Relay is an electromagnetic device which is used to isolate two circuits electrically and connect them magnetically. They are very useful devices and allow one circuit to switch another one while they are completely separate. They are often used to interface an electronic circuit (working at a low voltage) to an electrical circuit which works at very high voltage.
Gideon Analytical Laboratories received several RY4S-UAC110-120V power relays for failure analysis. A relay is an electrically operated switch. Many relays use an electromagnet to operate the switch, but other operating principles are also used, such as solid-state relays. Relays are used where it is necessary to control a circuit by a separate low-power signal, or where several circuits must be controlled by one signal. Relays are used to control a high power or high voltage circuit with a low power circuit.
Gideon Analytical Labs received one failed relay with one good one for comparison. The failed relay was intermittent @ 2 KHz.
A reed relay is a switch that uses an electromagnet to control the turning off or on within a circuit. The contacts are of magnetic material and the electromagnet acts directly on them without requiring an armature to move them. Sealed in a long, narrow glass tube, the contacts are protected from corrosion and are usually plated with silver, which has very low resistivity but is prone to corrosion when exposed, rather than corrosion-resistant but more resistive gold as used in the exposed contacts of high-quality relays.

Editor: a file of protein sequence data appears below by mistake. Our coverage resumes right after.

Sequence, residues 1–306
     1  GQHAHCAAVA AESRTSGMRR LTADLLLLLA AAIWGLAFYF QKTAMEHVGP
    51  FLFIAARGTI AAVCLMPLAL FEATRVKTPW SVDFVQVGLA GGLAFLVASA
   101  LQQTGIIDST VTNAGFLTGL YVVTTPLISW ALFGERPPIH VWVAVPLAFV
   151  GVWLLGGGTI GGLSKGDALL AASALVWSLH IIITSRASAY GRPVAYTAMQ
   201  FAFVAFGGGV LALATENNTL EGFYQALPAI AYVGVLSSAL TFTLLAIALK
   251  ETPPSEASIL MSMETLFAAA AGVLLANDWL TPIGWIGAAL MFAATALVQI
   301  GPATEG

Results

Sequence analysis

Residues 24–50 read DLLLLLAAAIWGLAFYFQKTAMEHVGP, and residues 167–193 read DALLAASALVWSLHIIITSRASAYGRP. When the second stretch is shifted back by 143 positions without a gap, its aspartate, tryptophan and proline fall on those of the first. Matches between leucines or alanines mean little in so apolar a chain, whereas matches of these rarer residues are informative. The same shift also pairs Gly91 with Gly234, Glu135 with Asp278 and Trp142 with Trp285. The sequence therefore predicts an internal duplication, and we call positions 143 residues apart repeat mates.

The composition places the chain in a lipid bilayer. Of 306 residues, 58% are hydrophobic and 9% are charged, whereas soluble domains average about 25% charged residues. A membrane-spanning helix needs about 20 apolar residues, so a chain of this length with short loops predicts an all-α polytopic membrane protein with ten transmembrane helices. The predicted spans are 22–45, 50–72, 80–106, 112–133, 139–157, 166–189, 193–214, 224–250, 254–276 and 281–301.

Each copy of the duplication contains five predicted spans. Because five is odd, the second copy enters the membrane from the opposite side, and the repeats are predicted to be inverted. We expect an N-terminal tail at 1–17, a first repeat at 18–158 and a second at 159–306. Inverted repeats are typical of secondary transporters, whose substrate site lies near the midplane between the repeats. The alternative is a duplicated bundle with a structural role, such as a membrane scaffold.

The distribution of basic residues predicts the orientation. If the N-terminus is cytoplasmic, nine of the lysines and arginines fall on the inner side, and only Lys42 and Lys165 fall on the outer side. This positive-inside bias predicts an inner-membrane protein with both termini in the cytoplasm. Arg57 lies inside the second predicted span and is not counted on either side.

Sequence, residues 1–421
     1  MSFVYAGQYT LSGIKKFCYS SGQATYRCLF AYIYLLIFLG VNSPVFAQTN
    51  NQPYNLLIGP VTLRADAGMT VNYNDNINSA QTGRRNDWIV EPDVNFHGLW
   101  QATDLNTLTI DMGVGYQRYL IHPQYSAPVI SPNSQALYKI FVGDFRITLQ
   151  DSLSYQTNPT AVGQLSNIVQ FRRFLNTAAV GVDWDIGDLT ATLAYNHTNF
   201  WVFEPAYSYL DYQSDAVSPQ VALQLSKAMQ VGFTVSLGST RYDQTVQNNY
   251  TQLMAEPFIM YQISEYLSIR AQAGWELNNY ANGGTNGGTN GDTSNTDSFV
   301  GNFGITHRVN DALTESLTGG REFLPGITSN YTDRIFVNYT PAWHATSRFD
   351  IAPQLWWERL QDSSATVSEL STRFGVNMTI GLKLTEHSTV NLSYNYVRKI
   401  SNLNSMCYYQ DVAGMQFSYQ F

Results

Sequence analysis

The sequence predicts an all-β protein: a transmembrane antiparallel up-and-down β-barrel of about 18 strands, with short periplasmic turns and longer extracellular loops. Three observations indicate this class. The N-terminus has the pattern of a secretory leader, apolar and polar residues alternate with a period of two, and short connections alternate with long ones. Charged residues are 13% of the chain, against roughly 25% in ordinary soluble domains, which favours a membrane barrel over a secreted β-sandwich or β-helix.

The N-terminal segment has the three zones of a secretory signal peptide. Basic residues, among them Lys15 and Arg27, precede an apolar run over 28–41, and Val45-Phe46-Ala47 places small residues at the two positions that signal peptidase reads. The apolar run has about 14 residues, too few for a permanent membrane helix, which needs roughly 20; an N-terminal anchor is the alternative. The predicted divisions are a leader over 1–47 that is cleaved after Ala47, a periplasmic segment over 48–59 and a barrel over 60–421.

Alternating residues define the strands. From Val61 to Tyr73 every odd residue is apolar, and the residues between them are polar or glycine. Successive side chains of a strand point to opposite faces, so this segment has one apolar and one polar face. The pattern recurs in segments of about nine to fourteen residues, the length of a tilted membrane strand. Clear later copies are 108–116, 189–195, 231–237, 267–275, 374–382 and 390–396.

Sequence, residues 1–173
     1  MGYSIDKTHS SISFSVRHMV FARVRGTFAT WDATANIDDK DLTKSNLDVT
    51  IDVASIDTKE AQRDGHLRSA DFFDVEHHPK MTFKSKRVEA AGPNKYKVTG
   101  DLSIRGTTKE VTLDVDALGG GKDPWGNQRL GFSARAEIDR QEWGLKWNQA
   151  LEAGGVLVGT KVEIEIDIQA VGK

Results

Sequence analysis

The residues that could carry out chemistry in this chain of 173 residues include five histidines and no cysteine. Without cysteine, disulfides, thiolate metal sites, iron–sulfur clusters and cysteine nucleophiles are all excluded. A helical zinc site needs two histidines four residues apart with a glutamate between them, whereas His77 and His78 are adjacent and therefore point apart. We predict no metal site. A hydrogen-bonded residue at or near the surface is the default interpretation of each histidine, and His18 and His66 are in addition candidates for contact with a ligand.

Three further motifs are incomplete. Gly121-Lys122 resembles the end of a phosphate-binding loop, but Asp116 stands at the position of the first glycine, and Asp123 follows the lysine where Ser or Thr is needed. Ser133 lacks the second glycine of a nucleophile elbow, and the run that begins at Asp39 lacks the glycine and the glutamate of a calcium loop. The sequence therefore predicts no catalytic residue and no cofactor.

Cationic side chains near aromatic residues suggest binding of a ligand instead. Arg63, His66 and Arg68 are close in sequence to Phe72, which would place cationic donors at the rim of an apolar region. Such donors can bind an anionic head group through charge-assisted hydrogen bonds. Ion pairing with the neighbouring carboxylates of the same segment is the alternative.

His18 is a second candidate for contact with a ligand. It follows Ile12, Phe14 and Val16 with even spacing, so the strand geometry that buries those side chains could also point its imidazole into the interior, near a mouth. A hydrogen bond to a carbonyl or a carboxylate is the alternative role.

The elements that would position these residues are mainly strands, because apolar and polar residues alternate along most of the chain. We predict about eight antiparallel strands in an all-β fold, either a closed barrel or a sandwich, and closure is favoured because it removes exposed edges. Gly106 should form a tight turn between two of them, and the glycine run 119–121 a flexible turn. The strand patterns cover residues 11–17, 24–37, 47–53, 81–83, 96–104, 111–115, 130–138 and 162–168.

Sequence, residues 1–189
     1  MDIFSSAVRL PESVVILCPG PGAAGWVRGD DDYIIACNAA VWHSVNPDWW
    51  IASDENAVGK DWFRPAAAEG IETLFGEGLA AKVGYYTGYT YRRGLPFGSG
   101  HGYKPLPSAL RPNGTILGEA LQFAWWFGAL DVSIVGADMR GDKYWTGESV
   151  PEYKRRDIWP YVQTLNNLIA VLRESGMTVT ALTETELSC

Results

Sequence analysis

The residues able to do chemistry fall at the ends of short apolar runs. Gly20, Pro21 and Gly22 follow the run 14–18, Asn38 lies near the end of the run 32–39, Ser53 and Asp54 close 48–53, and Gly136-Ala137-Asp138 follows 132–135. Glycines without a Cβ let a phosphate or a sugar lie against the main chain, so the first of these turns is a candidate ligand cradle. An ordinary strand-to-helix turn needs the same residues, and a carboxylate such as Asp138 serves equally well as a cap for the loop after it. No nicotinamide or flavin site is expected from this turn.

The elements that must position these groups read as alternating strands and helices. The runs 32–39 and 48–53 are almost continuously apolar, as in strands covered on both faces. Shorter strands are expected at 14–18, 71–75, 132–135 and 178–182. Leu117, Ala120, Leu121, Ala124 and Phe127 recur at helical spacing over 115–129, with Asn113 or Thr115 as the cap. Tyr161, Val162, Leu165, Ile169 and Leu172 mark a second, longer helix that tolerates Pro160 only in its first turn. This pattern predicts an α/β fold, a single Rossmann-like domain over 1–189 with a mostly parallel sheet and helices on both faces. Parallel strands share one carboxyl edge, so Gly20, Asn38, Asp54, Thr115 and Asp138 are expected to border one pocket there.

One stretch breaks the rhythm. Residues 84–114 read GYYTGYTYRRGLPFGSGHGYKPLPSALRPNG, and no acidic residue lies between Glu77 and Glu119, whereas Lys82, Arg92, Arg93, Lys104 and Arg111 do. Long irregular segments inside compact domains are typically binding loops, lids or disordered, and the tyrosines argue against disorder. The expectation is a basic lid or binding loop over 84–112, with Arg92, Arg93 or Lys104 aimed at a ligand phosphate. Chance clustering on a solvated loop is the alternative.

Gideon Analytical Laboratories received three sample NEC 104PW161 power inverter boards for failure analysis. A power inverter is designed to convert direct current (DC) to alternating current (AC). Inverters are used to operate all types of electrical equipment that uses batteries. DC current is what batteries store, but most electrical devices need AC current. These NEC104PW161 inverters had an output voltage of 520V and an output current of 5.5mA. The goal was to determine why they were failing.
Relays are very susceptible to contamination because the leads are made of copper and vulnerable to corrosion and leakage current if not protected from the environment.
The liquid shown here was thought to have come from the flux residue and, therefore, an organic analysis FTIR was required as opposed to inorganic XRF. However, the liquid was acidic in nature and XRF was employed. The material was a filled, glass fiber reinforced material containing a phosphorus species along with an antimony/bromine fire retardant package.
Gideon Analytical Laboratories performed failure analysis on several Sky CKC-1C-12VDC 12A/120V relays. These relays have a contact resistance of 100 Mohms and have a surge resistance of 1000V. The devices had a liquid on the inside surface and corrosion on several of the leads. The liquid and corrosion is pictured at the top left.
The drop was analyzed using FTIR. The liquid was thought to have come from the flux residue and, therefore, an organic analysis FTIR is required as opposed to inorganic (XRF).